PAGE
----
It was a rough year in the minors for Nevin, and with multiple 1B/DH types on the roster, it’s going to be hard for him to earn regular playing time in Baltimore anytime soon.
Tyler Nevin comes from a baseball family. It runs in his veins. He’s been around the game since he was a kid.
Certain teams like to target players like Tyler Nevin, thinking familial success is a strong indicator of the next generation’s potential. The jury is still out on Tyler Nevin, who is only 24 years old and yet to establish himself in the big leagues.
With that being said, he had a good run as a late season call-up recently. He had four hits in 14 at-bats, with a .444 OBP and a 1.087 OPS. Very small sample size, though.
You may have heard of Tyler’s father, Phil Nevin, who played 12 years in the majors as a corner infielder/outfielder and had a career .270/.343/.472 batting line. Phil is presently the New York Yankees’ third base coach.
Father and son share quite a few similarities, like being first round draft picks and playing the same positions. But physically, the younger Nevin (6’ 4”, 225 lbs.) is a few inches taller and many pounds heavier.
Along with Terrin Vavra and Mishael Deson (player to be named later), Tyler Nevin was acquired from the Rockies on August 30, 2020, as part of the Mychal Givens trade package. Nevin spent about a month at the Orioles Alternate Training Site in Bowie last year but didn’t appear in a single major league game that season.
Nevin is a former first round draft pick who eschewed college ball for the pros after his prep career at Poway High School in the greater San Diego area. The Rockies made Nevin the 38th overall pick in 2015.
Heading into the 2019 season, Nevin was ranked as the Rockies’ 11th best prospect, according to MLB Pipeline. That same source also mentioned how injuries slowed Nevin’s development in the first few years of his career:
[He] missed nearly all of the 2016 season with hamstring issues, played in just 82 games in 2017 with a wrist injury and while he played well in the California League in 2018 and reached 100 games played for the first time in his career, a quad problem shelved him twice.
Luckily, the injuries haven’t followed Nevin from the West Coast. But to date, he hasn’t shown much as a member of the Orioles’ system either. Unfortunately, 2020 was a wash for him since there was no minor league season. But he had a disappointing season in the minors this year as well.
He played 111 games at Triple-A in 2021, managing just a .227/.305/.392 batting line. He hit a personal best 16 home runs, but had an OPS under .700. His previous minor league career high for home runs in a season was 13, which he reached in both 2018 and 2019.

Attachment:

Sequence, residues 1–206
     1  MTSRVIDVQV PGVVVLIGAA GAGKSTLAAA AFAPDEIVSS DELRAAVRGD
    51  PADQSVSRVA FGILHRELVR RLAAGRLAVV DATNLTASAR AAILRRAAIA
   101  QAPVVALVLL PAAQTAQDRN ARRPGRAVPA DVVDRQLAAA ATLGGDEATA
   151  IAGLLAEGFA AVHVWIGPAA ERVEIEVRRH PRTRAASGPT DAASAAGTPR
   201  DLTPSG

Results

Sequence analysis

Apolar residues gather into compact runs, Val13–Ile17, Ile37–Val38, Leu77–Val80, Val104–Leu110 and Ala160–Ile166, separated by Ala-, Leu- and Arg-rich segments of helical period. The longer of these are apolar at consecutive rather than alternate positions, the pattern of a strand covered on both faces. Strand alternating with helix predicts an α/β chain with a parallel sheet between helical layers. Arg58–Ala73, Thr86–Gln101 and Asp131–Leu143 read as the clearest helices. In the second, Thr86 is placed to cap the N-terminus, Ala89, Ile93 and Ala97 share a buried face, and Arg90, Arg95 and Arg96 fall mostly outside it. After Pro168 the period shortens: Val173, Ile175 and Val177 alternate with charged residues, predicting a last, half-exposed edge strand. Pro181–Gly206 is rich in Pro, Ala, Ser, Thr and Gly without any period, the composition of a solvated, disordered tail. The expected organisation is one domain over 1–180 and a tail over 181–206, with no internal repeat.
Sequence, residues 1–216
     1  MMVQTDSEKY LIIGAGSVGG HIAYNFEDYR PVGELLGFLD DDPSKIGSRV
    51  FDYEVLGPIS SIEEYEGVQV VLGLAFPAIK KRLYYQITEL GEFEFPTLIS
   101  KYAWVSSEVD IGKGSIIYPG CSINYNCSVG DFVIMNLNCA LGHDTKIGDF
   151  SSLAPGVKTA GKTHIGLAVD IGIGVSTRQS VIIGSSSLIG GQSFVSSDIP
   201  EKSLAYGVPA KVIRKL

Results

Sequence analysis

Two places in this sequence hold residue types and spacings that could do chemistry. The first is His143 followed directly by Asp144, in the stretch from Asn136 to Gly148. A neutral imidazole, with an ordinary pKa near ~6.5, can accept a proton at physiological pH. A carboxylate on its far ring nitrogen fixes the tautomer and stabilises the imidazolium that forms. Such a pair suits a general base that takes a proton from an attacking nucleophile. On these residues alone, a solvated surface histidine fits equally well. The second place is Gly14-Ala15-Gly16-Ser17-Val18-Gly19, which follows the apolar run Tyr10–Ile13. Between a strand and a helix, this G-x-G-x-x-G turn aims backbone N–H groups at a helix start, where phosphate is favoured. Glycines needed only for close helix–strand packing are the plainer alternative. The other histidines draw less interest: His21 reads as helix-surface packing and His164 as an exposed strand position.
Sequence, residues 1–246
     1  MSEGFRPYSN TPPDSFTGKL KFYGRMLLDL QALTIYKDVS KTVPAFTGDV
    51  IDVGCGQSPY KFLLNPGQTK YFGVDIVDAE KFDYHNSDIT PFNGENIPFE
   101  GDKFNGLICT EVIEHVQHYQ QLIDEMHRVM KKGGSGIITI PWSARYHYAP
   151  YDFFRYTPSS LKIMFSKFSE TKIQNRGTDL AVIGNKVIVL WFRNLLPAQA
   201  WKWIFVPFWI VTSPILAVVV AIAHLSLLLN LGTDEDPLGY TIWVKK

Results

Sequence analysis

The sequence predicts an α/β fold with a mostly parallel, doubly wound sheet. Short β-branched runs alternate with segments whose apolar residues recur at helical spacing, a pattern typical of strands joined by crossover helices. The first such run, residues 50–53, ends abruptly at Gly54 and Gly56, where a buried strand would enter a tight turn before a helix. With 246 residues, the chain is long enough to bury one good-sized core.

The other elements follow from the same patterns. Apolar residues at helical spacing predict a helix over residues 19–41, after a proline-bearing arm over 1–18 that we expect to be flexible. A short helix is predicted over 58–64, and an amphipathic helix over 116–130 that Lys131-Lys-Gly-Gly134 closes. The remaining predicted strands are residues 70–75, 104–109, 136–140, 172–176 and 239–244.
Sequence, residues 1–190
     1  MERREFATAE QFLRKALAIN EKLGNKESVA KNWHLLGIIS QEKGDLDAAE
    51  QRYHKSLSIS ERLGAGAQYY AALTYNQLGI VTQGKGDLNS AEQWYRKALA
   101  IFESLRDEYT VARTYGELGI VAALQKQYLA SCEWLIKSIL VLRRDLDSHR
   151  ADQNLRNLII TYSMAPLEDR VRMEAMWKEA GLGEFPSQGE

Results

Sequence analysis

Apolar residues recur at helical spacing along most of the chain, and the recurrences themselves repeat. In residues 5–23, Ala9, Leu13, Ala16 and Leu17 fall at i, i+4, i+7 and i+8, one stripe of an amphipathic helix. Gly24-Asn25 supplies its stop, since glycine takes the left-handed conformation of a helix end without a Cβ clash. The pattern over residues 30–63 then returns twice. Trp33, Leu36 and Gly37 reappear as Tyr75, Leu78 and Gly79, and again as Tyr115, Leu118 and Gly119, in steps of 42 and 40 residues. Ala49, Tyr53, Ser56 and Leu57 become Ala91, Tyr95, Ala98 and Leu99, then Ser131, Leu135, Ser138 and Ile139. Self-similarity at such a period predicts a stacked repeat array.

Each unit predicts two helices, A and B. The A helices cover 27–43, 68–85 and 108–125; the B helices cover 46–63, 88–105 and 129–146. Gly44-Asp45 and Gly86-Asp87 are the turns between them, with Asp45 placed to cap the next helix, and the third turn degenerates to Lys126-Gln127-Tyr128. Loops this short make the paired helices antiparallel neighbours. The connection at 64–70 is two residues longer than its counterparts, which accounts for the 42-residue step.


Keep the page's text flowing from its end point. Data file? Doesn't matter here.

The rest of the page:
Relatively speaking, Nevin experienced his best couple of years in the lower levels of the minors. In 76 Single-A games (335 plate appearances), he hit .305/.364/.456 with an .821 OPS. In 100 games (417 PAs) in high Single-A, Nevin hit .328/.386/.503 with an .889 OPS.
In his final full season in the Rockies’ system, Nevin hit .251/.345/.399 with 13 home runs, 26 doubles, two triples, 61 RBI, 65 walks, and 90 strikeouts. That was 2019. The pandemic hit the following year.
At 24 years old, Nevin’s power has yet to fully develop. As noted by MLB Pipeline, he profiles as more of a high average hitter that can work the count and earn some walks. But if he’s able to tap into his power potential, Nevin could force the Orioles’ hand and work his way into real playing time. But that’s a big if.
Looking further ahead, there could be more room for a player like Nevin in 2023 if certain other players vacate the roster at that point (namely Trey Mancini). For the budget conscious O’s, it makes sense to replace the older, more expensive Mancini with a younger, cheaper version. But that’s a big if, and it depends largely on Nevin’s ability to improve at the major league level.
Having said that, Nevin could turn into more of a corner utility type if the Orioles feel comfortable with his glove across on the diamond. If you read into his defensive deployment in the minors this past season, it looks like the O’s are gearing up for multiple-position eligibility.
His positional appearances with the Tides in 2021 were as follows: 40 appearances at first base, 37 at third base, 20 in left field, nine in right, and seven at DH.
Yet, it’s hard to picture Nevin with any kind of substantial role next year with Ryan Mountcastle and Trey Mancini playing first base and DH. But an injury or poor production could lead to semi-regular playing time for Nevin with the O’s in 2022.
Alternatively, the Birds could decide to continue Nevin’s development at the minor league level next year. That way, they could reassess his future in-between the 2022 and 2023 seasons, when more contracts come off the books and certain positions start to open up. It’d also be nice to see him put up stronger numbers at the plate in the minors before he becomes a full-time major leaguer.
Nevin has got a better chance of earning regular playing time two years from now, as opposed to next season. So expect to see him on the Norfolk shuttle a lot in 2022, with more of a chance to stick around Baltimore on a regular basis in 2023 if he can develop further.
Monday: Terrin Vavra/Joseph Ortiz/Anthony Servideo